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Presser Points: Belichick - 'Feels like we're playing Kansas City'

Bill Belichick wasn't getting into any extra hype for Sunday night's showdown with the 5-0 Kansas City Chiefs.


There have been a fair amount of important regular-season games at Gillette Stadium over the years. That's not surprising considering the level of dominance the Patriots have enjoyed for the better part of two decades.

Sunday night will feature another one as the undefeated Kansas City Chiefs and their high-powered offense invade Foxborough in a game that could very well hold important postseason seeding implications.

The 5-0 Chiefs could establish a three-game lead over the Patriots with a win while also holding the all-important tiebreaker by virtue of a head-to-head victory. By no means would that be an insurmountable cushion, but with just 10 games to play after the Week 6 encounter, odds would be on Kansas City's side down the stretch.

Therefore, Sunday night's game hold a little more importance than most regular-season contests. Just don't tell that to Bill Belichick.

The coach held his press conference on Wednesday and was asked if it felt like New England was playing for the top seed in the AFC.

"I feel like we're playing Kansas City," he said.

Do the stakes seem any higher?

"It feels like we're playing Kansas City," he repeated.

I guess Belichick isn't big into the hype guy, but we already knew that.

Elsewhere, here are some highlights from Wednesday's press conference.

Practice makes perfect – After defeating the Colts last Thursday night, the Patriots had the advantage of a few extra days of preparation for the Chiefs, and Belichick was happy about that considering everything that Andy Reid does to make life difficult on his opponents.

"I think it's fortunate we've had a couple of extra days to work on Kansas City," Belichick said. "Need a lot of extra time to prepare for this team. They give you a lot of problems with their scheme, players, very well coached, as they always are with Andy. This is a very explosive group, so easy to see why they are undefeated. This will be a big challenge for us this week. We will have to do a lot of things well and do them consistently. Do them for 60 minutes."

UpHill climb – Dynamic Chiefs receiver Tyreek Hill is one of the most explosive players in football with the ability to not only run past defenders on long passes but also to make big plays out of shorter ones. Belichick was asked about the dangers of pressing him at the line of scrimmage, which can be a risky proposition given his blazing speed.

"You hope it's 10 yards. He can take those slip screens and go 80 yards, too. Yeah, it's a problem," Belichick said. "If you play off him, you give him too much space. Play up on him, he gets behind you. He's a hard guy to defend. The quarterback can throw it deep. He stretches the whole field. They have a lot of run-pass option plays. If you stop the run, you're light outside. If you're heavy outside, you're light inside. They do a good job. They can move the ball. They score a lot of points, got a lot of explosive players. Hill's one of them but they've got a bunch of them."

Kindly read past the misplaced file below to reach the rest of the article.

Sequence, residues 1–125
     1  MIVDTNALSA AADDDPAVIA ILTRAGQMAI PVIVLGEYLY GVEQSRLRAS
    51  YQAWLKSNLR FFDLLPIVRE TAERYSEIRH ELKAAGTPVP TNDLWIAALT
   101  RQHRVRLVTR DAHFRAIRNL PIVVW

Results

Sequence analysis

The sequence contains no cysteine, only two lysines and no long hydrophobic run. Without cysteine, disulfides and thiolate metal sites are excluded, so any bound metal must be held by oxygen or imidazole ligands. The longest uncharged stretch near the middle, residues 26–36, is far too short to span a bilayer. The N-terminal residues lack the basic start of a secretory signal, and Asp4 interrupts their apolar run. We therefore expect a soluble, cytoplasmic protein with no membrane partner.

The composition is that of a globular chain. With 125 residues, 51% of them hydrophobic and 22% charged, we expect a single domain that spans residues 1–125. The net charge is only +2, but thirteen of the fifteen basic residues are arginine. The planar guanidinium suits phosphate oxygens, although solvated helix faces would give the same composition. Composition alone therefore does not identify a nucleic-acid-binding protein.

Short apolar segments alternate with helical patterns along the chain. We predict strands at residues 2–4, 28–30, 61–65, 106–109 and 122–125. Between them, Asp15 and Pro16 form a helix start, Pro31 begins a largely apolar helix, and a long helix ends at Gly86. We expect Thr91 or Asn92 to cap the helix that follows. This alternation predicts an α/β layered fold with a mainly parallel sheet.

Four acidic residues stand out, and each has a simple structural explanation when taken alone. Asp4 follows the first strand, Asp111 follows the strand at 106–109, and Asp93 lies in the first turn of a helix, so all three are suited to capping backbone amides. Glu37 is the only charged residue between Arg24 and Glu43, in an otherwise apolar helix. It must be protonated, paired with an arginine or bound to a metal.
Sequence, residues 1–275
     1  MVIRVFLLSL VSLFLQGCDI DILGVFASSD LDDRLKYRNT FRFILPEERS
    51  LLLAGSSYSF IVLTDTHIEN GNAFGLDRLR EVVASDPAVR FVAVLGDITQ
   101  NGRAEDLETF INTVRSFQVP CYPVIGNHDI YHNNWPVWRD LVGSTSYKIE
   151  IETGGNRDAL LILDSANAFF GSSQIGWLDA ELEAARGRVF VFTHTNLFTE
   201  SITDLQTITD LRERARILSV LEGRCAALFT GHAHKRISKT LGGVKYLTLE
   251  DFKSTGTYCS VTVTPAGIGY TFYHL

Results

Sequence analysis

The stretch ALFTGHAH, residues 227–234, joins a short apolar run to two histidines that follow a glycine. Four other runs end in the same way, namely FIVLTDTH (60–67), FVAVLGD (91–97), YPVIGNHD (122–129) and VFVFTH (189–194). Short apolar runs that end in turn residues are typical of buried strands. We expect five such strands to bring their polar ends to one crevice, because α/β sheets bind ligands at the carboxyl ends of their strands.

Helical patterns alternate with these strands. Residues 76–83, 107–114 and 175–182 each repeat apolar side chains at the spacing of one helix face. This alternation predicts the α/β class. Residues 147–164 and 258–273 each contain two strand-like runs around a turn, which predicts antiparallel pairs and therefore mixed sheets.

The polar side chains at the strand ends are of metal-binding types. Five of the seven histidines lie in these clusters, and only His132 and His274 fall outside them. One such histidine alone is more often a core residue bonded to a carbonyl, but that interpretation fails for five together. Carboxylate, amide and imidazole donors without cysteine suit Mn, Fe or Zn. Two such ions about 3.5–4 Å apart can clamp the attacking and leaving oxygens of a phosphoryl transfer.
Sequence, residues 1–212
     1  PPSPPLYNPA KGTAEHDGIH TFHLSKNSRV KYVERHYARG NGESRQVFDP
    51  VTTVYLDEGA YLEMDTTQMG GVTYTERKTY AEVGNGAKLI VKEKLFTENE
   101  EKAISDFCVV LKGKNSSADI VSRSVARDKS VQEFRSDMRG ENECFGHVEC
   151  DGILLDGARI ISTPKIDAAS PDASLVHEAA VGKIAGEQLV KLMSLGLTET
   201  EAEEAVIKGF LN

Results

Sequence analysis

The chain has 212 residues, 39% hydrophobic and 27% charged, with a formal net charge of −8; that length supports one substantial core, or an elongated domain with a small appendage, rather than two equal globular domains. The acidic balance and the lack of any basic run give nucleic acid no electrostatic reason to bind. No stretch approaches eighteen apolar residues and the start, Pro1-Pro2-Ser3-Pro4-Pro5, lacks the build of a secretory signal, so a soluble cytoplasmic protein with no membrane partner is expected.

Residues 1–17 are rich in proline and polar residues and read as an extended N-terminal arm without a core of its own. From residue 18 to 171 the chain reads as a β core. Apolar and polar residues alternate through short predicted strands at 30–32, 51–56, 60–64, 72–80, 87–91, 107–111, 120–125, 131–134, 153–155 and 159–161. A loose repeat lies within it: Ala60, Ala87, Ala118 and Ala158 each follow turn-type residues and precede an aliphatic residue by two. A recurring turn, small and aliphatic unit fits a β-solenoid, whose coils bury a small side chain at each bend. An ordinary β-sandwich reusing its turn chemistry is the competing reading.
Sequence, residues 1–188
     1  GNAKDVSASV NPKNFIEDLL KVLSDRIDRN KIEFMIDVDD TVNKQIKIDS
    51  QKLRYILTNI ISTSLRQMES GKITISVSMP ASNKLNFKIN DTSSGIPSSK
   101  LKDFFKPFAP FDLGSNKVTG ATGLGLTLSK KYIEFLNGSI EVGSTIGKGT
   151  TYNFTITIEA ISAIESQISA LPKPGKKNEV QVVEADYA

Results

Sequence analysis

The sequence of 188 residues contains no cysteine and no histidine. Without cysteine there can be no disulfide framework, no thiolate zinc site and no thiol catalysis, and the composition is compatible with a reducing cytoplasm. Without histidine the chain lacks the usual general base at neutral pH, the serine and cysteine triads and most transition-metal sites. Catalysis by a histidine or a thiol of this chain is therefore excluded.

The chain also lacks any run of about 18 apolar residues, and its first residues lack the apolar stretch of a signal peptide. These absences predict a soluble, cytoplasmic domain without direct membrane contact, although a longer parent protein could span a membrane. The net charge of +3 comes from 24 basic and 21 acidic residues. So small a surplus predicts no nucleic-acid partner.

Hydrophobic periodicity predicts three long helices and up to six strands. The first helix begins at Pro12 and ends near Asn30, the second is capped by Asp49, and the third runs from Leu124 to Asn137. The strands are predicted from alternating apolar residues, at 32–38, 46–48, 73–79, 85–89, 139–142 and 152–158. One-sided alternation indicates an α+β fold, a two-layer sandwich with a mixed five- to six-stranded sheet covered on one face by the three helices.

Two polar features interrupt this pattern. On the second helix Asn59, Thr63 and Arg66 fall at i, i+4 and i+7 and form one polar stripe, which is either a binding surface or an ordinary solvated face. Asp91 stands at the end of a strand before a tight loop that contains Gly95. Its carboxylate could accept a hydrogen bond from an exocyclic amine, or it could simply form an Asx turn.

Belichick explained how the Chiefs use of Hill also is a challenge because Reid does a great job of keeping him on the move.

"Andy's a great coach. He does a great job in game planning. You never know where [Hill's] going to be," Belichick said. "Where he is for you and where he is for somebody else depends on how you play and how they want to attack you, so you've got to be ready for everything with him. He could be anywhere.

"It's always an issue. It's easy to matchup one guy. It's the rest of them."

In the spotlight – One player who figures to be heavily involved in trying to contain all of the Chiefs weapons is cornerback Stephon Gilmore. He's had an up-and-down start to the season thus far, allowing very few completions but some of them have resulted in touchdowns.

Belichick had some praise for his corner when asked about his improvement.

"I think he's done a good job for us," Belichick said. "Way better than last year, just overall everything. I mean, he's a good player. He was a good player last year. I think his ability for us to utilize him in our system and for him to have maybe a better understanding for us as group in the secondary, not just him, but the entire group to function as one. It improved last year over the course of the year and I think it's improved this year, too. He's done a great job for us."

Belichick also discussed Gilmore's versatility, which allows him to compete against a variety of receivers of various sizes.

"His concentration, his skill set, his toughness," he began. "He's long. He's got good strength. He's got pretty good technique. He works hard at it. He studies the receivers well. He can run, he's quick. He's got good instincts. He's got a lot of things going for him. But he works hard and he really has good focus.

"It's hard to play that position. You're not in on every play. You're in on half a dozen to a dozen plays in every game but those are game-changing plays. You have to be ready on every play but the reality of it is that player doesn't confront the ball or the pass for that play, or the running play – whatever it is – whatever gets out to him. It's only a handful of plays but those are critical plays, so having that kind of focus and concentration and being ready for every play even though you're only going to get one out of eight – whatever it is. There's, I would say, a mental toughness that goes at that position that you need and he has it."

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